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J Int Neuropsychol Soc. 2019 Oct;25(9):941-949. doi: 10.1017/S1355617719000778. Epub 2019 Aug 13.

Recovery Trajectories of Child and Family Outcomes Following Online Family Problem-Solving Therapy for Children and Adolescents after Traumatic Brain Injury.

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Division of Pediatric Rehabilitation Medicine, Cincinnati Children's Hospital Medical Center, Cincinnati, OH 45229, USA.
Department of Pediatrics, University of Cincinnati College of Medicine, Cincinnati, OH 45267, USA.
Department of Statistics, The Ohio State University, Columbus, OH 43210, USA.
Department of Psychology, Alberta Children's Hospital Research Institute, Calgary, Alberta, Canada.
Center for Biobehavioral Health, Nationwide Children's Hospital Research Institute, Columbus, OH 43205-2664, USA.
Division of Biostatistics and Epidemiology, Cincinnati Children's Hospital Medical Center, Cincinnati, OH 45229, USA.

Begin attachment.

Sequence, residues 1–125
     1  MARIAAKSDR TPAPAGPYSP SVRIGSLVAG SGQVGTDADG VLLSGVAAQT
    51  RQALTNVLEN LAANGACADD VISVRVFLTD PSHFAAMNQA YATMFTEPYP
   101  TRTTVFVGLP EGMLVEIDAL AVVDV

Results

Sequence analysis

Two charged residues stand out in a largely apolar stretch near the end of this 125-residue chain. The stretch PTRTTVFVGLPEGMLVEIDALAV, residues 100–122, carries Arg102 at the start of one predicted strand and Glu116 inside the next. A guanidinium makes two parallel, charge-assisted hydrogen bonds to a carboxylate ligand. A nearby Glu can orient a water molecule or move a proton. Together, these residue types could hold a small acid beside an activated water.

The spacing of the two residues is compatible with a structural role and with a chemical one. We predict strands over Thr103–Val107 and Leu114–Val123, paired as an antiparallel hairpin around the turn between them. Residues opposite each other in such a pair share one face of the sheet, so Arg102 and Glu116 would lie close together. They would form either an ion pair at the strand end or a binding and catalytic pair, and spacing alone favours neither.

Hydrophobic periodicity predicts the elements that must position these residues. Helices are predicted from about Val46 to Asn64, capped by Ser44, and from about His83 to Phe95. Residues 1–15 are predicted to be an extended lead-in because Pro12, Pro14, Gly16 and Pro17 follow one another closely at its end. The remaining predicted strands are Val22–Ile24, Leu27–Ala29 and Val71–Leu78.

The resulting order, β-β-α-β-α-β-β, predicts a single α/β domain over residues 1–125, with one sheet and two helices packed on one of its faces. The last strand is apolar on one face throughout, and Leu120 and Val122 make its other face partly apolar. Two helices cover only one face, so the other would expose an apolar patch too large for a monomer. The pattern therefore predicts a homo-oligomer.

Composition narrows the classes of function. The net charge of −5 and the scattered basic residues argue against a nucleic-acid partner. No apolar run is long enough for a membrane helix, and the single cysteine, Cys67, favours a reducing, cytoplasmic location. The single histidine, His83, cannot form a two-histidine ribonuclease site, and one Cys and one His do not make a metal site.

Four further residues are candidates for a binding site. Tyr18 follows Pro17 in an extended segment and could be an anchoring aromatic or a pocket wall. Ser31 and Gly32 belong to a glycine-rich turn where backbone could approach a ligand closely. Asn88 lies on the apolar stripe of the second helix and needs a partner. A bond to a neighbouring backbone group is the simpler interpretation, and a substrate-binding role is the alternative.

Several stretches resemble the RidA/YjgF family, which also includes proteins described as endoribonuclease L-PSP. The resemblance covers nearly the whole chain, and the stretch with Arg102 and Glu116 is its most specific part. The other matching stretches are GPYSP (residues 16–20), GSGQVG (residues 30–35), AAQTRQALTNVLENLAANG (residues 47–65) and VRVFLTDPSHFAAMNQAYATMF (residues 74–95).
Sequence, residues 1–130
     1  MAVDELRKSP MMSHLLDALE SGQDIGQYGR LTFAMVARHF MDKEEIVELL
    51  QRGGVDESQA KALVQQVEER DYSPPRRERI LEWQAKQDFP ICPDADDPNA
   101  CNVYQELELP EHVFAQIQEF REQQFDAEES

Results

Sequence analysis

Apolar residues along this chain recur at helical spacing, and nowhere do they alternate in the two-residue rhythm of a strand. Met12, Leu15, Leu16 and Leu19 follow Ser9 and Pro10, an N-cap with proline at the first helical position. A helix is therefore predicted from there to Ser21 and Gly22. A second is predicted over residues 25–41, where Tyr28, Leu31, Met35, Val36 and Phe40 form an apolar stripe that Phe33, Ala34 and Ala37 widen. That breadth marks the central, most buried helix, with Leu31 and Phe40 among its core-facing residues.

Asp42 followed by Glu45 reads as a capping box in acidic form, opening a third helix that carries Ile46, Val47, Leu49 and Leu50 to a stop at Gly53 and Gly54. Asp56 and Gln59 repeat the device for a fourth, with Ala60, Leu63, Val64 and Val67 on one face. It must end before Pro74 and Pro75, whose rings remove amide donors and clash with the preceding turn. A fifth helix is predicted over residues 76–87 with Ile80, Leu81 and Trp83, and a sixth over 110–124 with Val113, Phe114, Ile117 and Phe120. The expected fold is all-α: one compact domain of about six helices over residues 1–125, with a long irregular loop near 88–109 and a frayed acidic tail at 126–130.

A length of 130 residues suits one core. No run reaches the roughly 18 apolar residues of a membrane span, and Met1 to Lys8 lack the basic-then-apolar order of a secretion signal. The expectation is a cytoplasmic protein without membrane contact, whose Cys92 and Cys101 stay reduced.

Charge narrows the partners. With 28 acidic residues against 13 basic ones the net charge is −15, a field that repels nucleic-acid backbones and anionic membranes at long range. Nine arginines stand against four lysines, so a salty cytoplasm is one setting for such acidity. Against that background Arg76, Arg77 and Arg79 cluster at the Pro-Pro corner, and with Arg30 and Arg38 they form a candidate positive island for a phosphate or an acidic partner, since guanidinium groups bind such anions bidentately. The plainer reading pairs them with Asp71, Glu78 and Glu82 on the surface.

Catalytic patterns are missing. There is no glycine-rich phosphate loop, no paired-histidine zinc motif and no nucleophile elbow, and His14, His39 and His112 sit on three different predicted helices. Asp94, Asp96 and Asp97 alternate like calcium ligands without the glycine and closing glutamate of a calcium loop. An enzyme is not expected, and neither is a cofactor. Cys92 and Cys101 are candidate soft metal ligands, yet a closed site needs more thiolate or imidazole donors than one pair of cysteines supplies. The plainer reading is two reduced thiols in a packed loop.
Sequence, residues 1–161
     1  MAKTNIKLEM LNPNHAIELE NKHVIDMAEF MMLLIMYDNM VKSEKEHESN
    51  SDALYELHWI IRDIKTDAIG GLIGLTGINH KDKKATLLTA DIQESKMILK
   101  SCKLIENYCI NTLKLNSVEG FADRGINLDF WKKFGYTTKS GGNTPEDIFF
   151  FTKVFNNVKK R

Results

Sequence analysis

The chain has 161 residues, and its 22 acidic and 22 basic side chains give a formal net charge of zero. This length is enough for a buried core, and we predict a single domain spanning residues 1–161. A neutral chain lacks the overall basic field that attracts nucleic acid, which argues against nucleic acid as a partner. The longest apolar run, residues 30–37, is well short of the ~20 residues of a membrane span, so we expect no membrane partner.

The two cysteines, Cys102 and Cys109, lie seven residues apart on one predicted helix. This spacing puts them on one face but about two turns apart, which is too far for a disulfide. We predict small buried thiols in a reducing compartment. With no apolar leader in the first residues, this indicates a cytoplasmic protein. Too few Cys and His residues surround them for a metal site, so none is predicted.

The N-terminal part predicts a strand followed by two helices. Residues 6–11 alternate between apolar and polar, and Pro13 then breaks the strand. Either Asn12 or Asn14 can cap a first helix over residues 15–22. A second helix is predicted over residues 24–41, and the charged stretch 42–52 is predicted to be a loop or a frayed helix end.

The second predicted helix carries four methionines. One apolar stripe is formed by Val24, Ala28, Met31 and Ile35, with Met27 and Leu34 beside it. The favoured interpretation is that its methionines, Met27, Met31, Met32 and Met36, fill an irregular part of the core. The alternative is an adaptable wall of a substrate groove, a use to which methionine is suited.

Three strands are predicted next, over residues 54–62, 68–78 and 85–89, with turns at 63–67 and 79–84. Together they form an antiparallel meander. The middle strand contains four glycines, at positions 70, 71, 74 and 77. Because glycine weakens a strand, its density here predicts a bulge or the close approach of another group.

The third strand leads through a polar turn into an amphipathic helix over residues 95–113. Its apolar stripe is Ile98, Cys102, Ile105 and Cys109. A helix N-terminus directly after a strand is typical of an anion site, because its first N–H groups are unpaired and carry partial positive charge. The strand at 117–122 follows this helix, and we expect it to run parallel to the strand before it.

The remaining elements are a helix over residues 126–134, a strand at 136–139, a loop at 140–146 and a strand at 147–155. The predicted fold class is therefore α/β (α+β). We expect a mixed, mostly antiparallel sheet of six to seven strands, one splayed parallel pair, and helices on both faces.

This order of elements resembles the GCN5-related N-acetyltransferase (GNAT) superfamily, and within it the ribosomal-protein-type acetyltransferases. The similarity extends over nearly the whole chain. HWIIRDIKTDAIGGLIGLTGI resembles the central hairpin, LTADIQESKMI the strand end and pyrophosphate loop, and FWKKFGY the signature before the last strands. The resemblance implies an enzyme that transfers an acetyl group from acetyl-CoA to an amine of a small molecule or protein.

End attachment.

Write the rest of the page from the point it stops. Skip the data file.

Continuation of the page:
We conducted joint analyses from five randomized clinical trials (RCTs) of online family problem-solving therapy (OFPST) for children with traumatic brain injury (TBI) to identify child and parent outcomes most sensitive to OFPST and trajectories of recovery over time.


We examined data from 359 children with complicated mild to severe TBI, aged 5-18, randomized to OFPST or a control condition. Using profile analyses, we examined group differences on parent-reported child (internalizing and externalizing behavior problems, executive function behaviors, social competence) and family outcomes (parental depression, psychological distress, family functioning, parent-child conflict).


We found a main effect for measure for both child and family outcomes [F(3, 731) = 7.35, p < .001; F(3, 532) = 4.79, p = .003, respectively], reflecting differing degrees of improvement across measures for both groups. Significant group-by-time interactions indicated that children and families in the OFPST group had fewer problems than controls at both 6 and 18 months post baseline [t(731) = -5.15, p < .001, and t(731) = -3.90, p = .002, respectively, for child outcomes; t(532) = -4.81, p < .001, and t(532) = -3.80, p < .001, respectively, for family outcomes].


The results suggest limited differences in the measures' responsiveness to treatment while highlighting OFPST's utility in improving both child behavior problems and parent/family functioning. Group differences were greatest at treatment completion and after extended time post treatment.


Behavior; Brain injury; Parent; Pediatric; Profile analysis; Randomized controlled trial; Treatment


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